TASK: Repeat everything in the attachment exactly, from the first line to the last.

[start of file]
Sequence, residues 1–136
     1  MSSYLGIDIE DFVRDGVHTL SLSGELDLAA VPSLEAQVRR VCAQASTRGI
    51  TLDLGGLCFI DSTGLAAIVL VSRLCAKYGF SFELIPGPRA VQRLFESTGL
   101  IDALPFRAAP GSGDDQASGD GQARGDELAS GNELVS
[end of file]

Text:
Sequence, residues 1–136
     1  MSSYLGIDIE DFVRDGVHTL SLSGELDLAA VPSLEAQVRR VCAQASTRGI
    51  TLDLGGLCFI DSTGLAAIVL VSRLCAKYGF SFELIPGPRA VQRLFESTGL
   101  IDALPFRAAP GSGDDQASGD GQARGDELAS GNELVS